Gold Price Shrugs Off US Jobs Surge, Holds Best Friday Close Since March 2014 as Traders Back Interest Rate Cuts

GOLD PRICES whipped violently Friday on news of the strongest growth in US employment since October, recovering all of a sudden 2% plunge to head for the highest weekly close since March 2014 as traders continued to bet that the Federal Reserve won’t raise interest rates anytime soon.
The US government’s first estimate of June’s net addition to non-farm payrolls came in at 287,000 – almost as far ahead of Wall Street forecasts as May’s 6-year low was beneath them.
“A very strong jobs figure will trigger some short term pain for gold prices,” said Swiss refining and finance group MKS’s trader James Gardiner before the news.
“However, the underlying uptrend should prevail in the medium term.”
May’s strike by workers at telecoms giant Verizon had cut 37,000 jobs off the Bureau of Labor Statistics’ previous payrolls report.
“Largely reflecting” their return, the BLS said today, employment in the TMT sector rose 28,000 in June.
Already the weakest monthly jobs growth in 6 years, May’s figure was today revised down from 38,000 to just 11,000.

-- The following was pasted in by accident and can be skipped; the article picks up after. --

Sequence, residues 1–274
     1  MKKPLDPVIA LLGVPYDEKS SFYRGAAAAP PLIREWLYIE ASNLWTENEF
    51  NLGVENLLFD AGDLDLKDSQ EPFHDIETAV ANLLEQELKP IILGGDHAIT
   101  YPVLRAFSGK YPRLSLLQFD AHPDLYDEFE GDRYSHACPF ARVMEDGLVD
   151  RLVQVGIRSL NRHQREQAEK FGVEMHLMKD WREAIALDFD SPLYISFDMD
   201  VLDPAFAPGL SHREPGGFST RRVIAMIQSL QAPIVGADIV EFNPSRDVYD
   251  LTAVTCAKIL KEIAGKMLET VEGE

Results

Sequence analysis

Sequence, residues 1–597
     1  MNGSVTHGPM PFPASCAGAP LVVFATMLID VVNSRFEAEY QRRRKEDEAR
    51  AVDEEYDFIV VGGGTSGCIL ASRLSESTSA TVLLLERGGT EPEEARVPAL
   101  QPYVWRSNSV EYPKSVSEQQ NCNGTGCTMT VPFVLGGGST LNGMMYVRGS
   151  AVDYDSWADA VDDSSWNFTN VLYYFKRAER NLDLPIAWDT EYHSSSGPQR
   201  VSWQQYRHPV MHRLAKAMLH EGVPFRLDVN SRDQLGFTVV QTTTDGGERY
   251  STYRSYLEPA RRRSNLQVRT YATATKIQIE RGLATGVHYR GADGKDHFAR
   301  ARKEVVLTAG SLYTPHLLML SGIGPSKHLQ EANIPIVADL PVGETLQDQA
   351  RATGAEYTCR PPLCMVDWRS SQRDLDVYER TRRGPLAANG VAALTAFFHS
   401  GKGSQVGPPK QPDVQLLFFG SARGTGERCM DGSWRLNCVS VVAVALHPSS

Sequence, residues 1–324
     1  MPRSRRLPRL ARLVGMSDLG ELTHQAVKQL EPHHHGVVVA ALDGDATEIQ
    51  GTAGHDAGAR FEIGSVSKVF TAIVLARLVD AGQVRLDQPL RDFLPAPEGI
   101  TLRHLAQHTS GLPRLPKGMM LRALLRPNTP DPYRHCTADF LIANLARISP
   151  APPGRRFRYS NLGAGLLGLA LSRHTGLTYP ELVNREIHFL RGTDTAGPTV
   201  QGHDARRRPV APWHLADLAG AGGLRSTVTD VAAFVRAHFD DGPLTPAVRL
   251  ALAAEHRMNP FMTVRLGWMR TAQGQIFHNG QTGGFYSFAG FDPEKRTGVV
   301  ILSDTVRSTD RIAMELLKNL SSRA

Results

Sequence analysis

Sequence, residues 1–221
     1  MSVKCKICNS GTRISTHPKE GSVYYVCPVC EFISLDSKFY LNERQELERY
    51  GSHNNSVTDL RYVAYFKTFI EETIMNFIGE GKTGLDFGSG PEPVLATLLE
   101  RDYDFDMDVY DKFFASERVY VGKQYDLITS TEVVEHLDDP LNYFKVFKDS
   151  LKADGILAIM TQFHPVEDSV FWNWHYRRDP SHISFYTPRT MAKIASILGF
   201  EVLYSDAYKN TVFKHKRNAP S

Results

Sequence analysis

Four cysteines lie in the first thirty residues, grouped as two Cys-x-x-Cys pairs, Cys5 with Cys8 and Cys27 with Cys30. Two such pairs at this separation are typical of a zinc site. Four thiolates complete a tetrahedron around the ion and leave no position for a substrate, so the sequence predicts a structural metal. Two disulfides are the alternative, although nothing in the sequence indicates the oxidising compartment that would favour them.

The US unemployment rate rose to 5.1% from May’s 8-year low of 4.7%.
Chart of US unemployment rate vs gold prices
US interest-rate traders now see zero chance of a rate-rise from the Federal Reserve anytime before December, with the odds of a cut at the July meeting – reversing December’s first and only hike since 2005 – now priced at 1-in-27.
Analysts at Germany’s troubled Deutsche Bank financial services group now put the odds of a US recession at 60%.
The Eurozone’s negative deposit rate – now at minus 0.40% – is meantime higher than the yield offered by one-third of the 19-nation currency union’s government debt, making those bonds ineligible for the European Central Bank’s QE asset purchases stimulus.
UK consumer confidence following the Brexit vote sank in the first week of July, dropping at the fastest pace in 21 years according to opinion pollsters Gfk.
Top-end UK grocer and consumer goods chain John Lewis today warned the plunge in Sterling could become a “big issue…if inflation gets into the value chain.”
Inflation expectations have leapt according to Gfk’s survey.
The Bank of England, however, is now expected to cut its base rate at next Thursday’s meeting, with financial traders now seeing a 1-in-3 likelihood that the Bank will cut to zero by end-August according to retail stockbrokers Hargreaves Lansdown.
Major mortgage lenders this week cut their home-loan rates in anticipation a cut to Bank of England base rate.
Gold prices will rise 10% by end-2017 according to US investment and retail financial services group Bank of America Merrill Lynch, calling for $1500 gold.